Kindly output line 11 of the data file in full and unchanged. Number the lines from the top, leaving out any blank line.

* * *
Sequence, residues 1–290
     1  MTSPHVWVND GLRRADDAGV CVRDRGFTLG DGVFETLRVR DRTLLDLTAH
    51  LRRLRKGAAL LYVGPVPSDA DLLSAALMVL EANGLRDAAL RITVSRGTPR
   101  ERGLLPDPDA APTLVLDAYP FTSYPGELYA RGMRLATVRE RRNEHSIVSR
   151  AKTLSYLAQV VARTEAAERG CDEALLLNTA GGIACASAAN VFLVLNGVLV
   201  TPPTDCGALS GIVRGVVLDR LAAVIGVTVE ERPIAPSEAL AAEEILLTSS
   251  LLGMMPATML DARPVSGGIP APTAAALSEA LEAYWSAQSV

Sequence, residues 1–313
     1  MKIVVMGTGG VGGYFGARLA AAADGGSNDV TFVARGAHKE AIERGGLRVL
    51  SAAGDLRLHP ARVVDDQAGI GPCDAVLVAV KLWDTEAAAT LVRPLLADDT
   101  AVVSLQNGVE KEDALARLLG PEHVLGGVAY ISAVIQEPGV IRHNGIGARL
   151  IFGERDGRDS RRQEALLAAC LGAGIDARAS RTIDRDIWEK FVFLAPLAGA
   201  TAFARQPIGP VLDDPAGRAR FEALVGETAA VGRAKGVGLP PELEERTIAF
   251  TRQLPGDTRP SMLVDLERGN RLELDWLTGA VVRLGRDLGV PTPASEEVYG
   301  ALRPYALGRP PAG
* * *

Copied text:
   101  AVVSLQNGVE KEDALARLLG PEHVLGGVAY ISAVIQEPGV IRHNGIGARL